“What are the most important personal attributes for finding the right balance between being a trusted advisor, and being a competitive seller?”
That was the question teed up by a Google sales training leader earlier this month at a Talks at Google session with Ryan Serhant. It’s an intriguing question. (The answer, not so much). But first, some back story.
Ryan Serhant is known to most people for his reality TV show Million Dollar Listing, about New York real estate. Personally, I prefer his most recent show, Sell It Like Serhant, which also happens to be the title of his recent book, subtitled “How to Sell More, Earn More, and Become the Ultimate Sales Machine.”
Let me just say: Serhant gets a lot right – very right. He’s also extremely personable, with very good interpersonal instincts, and a compelling personal story.
A (partial) list of what he gets (very) right about sales: the idea that people want to have a personal connection; the importance of improvisation; the emotional journey of buyers; the role of buyer insecurities and the need to recognize and address them; the importance of metaphors and stories; the critical role of personal selling; and many more.
But that’s not what I want to talk about.
Back to the Question
Remember, the question raised by the sales training leader was ““What are the most important personal attributes for finding the right balance between being a trusted advisor, and being a competitive seller?”
Here’s Ryan’s answer. “Endurance, empathy, and enthusiasm.”
He goes on to say these are the three traits he always looks for in his own hires, and they’re the keys to all sales that require just a little bit more than a good product that fits the price.
Note he didn’t answer the question. As he mentioned, he had written about those three attributes in his book, so it was a bit of a canned answer. It certainly didn’t address the “balance between being a trusted advisor, and being a competitive seller.”
But in fairness: the question itself is an odd one – it begs many more questions. It posits a tension between being a trusted advisor and being a competitive seller. But can someone be both (as the question implied)? Or is it an either/or proposition? Does it depend on the industry? On types of sales (e.g. B2B or B2C)? Is it really a choice? And if so, what kind of choice?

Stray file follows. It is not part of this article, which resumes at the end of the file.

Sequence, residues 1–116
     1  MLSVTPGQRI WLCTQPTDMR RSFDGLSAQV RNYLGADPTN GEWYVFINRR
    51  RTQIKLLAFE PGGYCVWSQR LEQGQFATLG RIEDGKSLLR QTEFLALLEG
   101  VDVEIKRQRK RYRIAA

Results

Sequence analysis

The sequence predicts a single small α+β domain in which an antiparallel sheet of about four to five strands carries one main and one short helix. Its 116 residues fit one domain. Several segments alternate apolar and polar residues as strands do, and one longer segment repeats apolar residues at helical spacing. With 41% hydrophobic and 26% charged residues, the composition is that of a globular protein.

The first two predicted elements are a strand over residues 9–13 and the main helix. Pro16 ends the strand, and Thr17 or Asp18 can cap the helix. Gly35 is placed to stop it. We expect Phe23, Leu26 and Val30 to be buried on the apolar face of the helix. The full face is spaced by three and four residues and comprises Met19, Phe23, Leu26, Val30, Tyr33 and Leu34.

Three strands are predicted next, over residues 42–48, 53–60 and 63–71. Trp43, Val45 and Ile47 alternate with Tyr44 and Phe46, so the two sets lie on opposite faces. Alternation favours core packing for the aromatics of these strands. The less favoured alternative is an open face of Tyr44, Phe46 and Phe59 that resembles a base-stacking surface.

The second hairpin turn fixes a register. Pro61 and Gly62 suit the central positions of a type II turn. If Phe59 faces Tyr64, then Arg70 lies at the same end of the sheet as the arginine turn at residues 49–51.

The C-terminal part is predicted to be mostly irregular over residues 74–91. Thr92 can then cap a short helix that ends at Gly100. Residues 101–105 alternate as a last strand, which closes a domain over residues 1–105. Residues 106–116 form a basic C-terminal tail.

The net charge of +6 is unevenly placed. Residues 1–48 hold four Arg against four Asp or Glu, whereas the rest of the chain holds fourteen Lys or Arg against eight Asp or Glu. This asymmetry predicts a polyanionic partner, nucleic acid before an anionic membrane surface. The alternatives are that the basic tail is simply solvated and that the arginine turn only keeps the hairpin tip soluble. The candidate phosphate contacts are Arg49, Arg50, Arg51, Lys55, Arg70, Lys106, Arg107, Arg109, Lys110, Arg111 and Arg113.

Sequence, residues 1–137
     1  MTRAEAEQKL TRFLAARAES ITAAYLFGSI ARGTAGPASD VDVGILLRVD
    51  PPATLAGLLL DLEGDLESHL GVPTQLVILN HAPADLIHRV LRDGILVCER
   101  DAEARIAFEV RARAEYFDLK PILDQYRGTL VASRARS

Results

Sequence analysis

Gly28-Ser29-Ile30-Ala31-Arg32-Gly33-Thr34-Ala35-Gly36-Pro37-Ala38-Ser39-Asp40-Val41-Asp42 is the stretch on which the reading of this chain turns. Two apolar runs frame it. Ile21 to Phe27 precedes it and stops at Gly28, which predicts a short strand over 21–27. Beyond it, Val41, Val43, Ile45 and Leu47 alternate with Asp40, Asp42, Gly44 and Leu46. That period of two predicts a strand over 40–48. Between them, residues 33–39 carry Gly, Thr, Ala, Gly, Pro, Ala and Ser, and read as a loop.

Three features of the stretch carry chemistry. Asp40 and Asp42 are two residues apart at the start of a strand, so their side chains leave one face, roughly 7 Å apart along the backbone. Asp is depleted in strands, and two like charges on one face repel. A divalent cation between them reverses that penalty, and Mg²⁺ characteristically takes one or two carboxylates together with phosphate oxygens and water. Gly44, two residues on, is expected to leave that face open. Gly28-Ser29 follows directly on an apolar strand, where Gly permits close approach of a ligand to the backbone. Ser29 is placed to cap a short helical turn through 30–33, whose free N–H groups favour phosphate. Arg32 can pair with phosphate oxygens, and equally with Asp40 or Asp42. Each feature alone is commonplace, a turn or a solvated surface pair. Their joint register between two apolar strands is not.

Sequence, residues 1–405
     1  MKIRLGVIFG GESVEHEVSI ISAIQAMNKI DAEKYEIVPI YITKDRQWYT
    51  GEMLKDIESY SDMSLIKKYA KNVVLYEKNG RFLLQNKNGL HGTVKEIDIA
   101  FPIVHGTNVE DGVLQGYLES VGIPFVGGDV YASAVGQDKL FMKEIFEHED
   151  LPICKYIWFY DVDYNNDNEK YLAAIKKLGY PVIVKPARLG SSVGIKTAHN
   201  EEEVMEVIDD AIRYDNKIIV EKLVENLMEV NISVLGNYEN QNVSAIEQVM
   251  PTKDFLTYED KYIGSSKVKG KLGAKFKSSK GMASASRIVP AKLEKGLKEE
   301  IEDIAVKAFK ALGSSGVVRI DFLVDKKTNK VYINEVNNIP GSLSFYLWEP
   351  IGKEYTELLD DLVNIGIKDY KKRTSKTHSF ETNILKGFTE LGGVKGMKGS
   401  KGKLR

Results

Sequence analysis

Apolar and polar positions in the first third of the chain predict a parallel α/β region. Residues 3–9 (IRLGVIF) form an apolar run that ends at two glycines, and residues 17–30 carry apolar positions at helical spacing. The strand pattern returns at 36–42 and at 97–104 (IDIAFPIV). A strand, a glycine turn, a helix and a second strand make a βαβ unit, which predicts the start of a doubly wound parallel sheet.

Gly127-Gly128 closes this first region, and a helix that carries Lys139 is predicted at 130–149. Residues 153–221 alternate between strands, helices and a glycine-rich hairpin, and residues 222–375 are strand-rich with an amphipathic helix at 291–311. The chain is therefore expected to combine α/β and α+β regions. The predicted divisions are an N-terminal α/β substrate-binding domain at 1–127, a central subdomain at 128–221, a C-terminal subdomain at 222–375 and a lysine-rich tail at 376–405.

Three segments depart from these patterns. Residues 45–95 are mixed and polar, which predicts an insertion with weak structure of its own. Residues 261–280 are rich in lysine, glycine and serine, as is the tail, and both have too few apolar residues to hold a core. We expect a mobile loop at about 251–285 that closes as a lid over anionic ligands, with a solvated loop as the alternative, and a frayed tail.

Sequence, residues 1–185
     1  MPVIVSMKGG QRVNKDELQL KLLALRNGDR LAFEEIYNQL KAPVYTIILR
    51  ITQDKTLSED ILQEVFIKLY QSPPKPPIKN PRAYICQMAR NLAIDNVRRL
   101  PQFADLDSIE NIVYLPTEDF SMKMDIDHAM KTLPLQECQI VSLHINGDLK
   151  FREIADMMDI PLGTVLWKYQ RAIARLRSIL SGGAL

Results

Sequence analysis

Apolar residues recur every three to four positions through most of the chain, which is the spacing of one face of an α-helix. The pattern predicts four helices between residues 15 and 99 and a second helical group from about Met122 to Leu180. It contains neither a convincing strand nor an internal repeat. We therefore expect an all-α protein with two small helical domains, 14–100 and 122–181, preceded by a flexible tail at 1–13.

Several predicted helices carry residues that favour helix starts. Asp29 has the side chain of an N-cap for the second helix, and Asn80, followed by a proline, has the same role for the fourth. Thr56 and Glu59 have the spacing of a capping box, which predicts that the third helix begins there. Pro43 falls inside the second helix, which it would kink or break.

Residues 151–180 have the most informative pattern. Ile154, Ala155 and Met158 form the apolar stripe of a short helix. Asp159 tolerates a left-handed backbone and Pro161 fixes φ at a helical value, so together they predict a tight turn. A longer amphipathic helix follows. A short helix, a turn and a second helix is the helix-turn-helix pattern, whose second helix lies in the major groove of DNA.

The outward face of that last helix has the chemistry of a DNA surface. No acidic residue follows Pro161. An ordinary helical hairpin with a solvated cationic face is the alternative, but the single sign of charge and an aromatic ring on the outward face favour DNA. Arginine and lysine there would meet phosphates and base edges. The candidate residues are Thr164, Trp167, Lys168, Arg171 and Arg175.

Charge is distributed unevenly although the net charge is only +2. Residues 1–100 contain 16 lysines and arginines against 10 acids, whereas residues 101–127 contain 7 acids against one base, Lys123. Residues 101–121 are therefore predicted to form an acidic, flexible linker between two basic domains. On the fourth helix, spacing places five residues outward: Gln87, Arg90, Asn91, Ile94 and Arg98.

Serhant didn’t address any of those questions, settling for what is ultimately a fairly conventional description of the key personal attributes for successful selling of all types. It left me unsatisfied. So of course I wondered how I would have answered.
In most industries and situations, the question is a false dichotomy: in fact, the best way to compete successfully is to be a trusted advisor to one’s prospects – to practice Trust-based Selling.
What’s my evidence? In its simplest form, if a prospect thinks I have more endurance and enthusiasm than you do, but trusts you more than me, you’re going to get the business more than half the time. (Empathy – Serhant’s third item – is also critical to trust-based selling, so no argument there).
The biggest difference between Serhant’s proposition and trust-based selling is profoundly simple:
- Serhant is focused on the seller’s success as the end goal
- By contrast, the end goal of trust-based selling is doing the right thing for the buyer.
In one approach, competitive success is the goal. In the other, it’s a byproduct.
The answer to the questioner’s dilemma is to reject the question. It’s not a question of balance, nor is it an either-or proposition. It is how you get from one to the other.
You don’t gain trust by being competitively successful nearly as much as you gain competitive success by being trusted.
Interestingly, a lot of what Serhant suggests fits equally well in trust-based selling. You have to have empathy; you have to take risks; you have to understand and appreciate emotions.
But there are tells. Serhant shares a touching story about the power of fear: how he is motivated by never wanting to go back to a dark period in his life, defined by stark failure and rejection. We can all relate.
But fear of failure is a very private, internal emotion: it doesn’t help connect us to our clients, it separates us from them. If not getting the sale is part of the fear, then we haven’t conquered it – in fact, we’ve made our clients hostage to our personal pursuit of overcoming fear.
Trust is a relationship. But competitive sales, the way Serhant defines it, is a personal adventure, with clients as means, not ends. He is very insightful about the need for connection: but he never mentions relationships.
There are differences in tactics between the two approaches, which I’ve written about at length elsewhere. But this is the bedrock difference between the goals of the two approaches from which they all flow.
At one point in the interview, Serhant notes how he consciously prioritized success over career. If your goal is personal success, being a great seller is a great way to get there.
But if your goal is your clients’ success, you will, paradoxically, end up a more successful seller yourself. Because buyers trust more those whose goal it is to help them, rather than to help themselves.